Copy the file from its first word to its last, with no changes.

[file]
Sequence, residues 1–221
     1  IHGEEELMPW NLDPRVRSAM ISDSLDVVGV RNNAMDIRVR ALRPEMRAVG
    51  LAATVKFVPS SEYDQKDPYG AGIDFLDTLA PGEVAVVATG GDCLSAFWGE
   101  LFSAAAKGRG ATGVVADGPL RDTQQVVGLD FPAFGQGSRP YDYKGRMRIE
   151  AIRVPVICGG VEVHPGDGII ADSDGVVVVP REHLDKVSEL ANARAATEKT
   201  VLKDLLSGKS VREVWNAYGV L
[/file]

Sequence, residues 1–221
     1  IHGEEELMPW NLDPRVRSAM ISDSLDVVGV RNNAMDIRVR ALRPEMRAVG
    51  LAATVKFVPS SEYDQKDPYG AGIDFLDTLA PGEVAVVATG GDCLSAFWGE
   101  LFSAAAKGRG ATGVVADGPL RDTQQVVGLD FPAFGQGSRP YDYKGRMRIE
   151  AIRVPVICGG VEVHPGDGII ADSDGVVVVP REHLDKVSEL ANARAATEKT
   201  VLKDLLSGKS VREVWNAYGV L